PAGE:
how to make acid rain model for a science exhibition

Creating an acid rain model for a science exhibition can help illustrate the harmful effects of environmental pollution.

Here’s a simple way to make one using cardboard, colors, and a ball for the sun decoration:

Materials Needed:

  1. Cardboard
  2. Colors (blue, white, green, yellow, black)
  3. Small ball (for the sun)
  4. Scissors
  5. Glue
  6. Spray bottle
  7. Vinegar (to simulate acid rain)
  8. Optional: cotton or sponge (for clouds)


acid rain model for a science exhibition
  1. Prepare the Base:
    • Cut a large piece of cardboard to serve as the base for your model. This will represent the Earth’s surface.
  2. Create the Environment:
    • Use colors to paint the cardboard base. Use blue for the sky, green for land areas, and white for clouds. You can also add details such as rivers, lakes, and mountains.
    • If desired, use cotton or sponge to create 3D clouds by gluing them onto the painted sky area.
  3. Decorate the Sun:
    • Use yellow color to paint the small ball, which represents the sun. You can also add details such as sunspots or rays using black color.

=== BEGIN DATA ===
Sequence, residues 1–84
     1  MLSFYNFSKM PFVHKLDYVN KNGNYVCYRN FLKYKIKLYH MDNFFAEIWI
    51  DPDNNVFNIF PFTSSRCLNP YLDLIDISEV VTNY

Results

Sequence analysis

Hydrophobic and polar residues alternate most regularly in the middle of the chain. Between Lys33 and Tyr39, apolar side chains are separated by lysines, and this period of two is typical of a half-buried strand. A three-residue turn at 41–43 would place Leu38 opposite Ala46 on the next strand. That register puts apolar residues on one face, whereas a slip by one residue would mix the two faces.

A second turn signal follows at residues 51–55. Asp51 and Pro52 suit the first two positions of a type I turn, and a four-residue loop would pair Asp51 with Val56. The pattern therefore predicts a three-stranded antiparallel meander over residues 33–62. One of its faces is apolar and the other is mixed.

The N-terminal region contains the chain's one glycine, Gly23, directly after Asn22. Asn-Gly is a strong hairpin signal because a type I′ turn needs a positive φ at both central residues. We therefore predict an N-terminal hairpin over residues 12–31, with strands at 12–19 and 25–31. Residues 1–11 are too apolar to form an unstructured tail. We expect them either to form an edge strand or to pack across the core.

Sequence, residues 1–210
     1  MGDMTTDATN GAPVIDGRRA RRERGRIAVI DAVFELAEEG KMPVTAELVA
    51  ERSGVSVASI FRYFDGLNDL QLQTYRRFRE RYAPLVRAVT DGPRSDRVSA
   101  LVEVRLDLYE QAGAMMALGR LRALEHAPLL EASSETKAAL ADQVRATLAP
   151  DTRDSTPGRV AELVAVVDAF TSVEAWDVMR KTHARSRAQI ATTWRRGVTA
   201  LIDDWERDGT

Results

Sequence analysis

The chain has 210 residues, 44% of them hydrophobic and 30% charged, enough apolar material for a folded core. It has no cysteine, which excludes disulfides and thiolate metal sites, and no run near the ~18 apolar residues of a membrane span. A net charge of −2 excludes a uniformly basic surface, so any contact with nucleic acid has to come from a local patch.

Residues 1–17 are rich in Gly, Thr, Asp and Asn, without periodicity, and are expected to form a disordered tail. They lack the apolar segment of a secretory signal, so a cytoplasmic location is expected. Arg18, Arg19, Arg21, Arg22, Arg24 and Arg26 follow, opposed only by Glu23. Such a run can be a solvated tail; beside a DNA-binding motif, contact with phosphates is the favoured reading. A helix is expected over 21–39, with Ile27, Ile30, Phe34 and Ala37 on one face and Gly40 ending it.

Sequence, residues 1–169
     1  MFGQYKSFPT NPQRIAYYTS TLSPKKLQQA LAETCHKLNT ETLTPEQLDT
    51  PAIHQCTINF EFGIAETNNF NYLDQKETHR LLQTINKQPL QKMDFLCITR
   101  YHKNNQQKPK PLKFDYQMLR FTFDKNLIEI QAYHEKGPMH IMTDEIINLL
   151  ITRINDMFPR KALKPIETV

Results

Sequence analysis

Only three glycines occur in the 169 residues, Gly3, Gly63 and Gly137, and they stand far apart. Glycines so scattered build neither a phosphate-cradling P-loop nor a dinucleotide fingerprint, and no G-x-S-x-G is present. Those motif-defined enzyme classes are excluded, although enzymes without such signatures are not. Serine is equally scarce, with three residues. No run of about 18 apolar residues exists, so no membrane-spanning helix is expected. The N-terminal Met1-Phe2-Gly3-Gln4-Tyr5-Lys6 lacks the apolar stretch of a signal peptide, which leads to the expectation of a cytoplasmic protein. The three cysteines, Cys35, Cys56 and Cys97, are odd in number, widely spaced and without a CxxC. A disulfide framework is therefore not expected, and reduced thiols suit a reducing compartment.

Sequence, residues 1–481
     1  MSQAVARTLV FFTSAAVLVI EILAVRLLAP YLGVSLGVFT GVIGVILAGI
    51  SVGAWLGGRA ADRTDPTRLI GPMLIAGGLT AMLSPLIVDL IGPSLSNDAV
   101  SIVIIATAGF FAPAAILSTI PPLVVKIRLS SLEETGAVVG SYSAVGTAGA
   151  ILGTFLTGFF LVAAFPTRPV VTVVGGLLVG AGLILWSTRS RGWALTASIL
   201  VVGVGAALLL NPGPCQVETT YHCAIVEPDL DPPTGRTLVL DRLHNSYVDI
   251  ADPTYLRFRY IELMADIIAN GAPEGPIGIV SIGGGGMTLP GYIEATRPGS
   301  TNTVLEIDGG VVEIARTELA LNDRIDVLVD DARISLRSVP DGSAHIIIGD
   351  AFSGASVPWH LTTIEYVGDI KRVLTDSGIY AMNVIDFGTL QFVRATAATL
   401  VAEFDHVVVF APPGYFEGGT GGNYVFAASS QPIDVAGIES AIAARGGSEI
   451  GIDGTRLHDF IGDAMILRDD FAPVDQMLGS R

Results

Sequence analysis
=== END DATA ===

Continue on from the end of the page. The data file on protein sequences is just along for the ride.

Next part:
4. Model Acid Rain:
    • Fill a spray bottle with vinegar to simulate acid rain. Vinegar contains acetic acid, which can represent the acidity found in acid rain.
    • Spray the vinegar onto the painted surface of your model to simulate the effects of acid rain.
  5. Observation:
    • Observe how the vinegar reacts with the painted surface. The acidity in the vinegar may cause colors to fade, cardboard to weaken, or other visible effects similar to those seen in areas affected by acid rain.

By following these steps, you can create a visually engaging acid rain model for your science exhibition, effectively demonstrating the environmental consequences of pollution and the importance of mitigating human impact on the planet.

Leave a Comment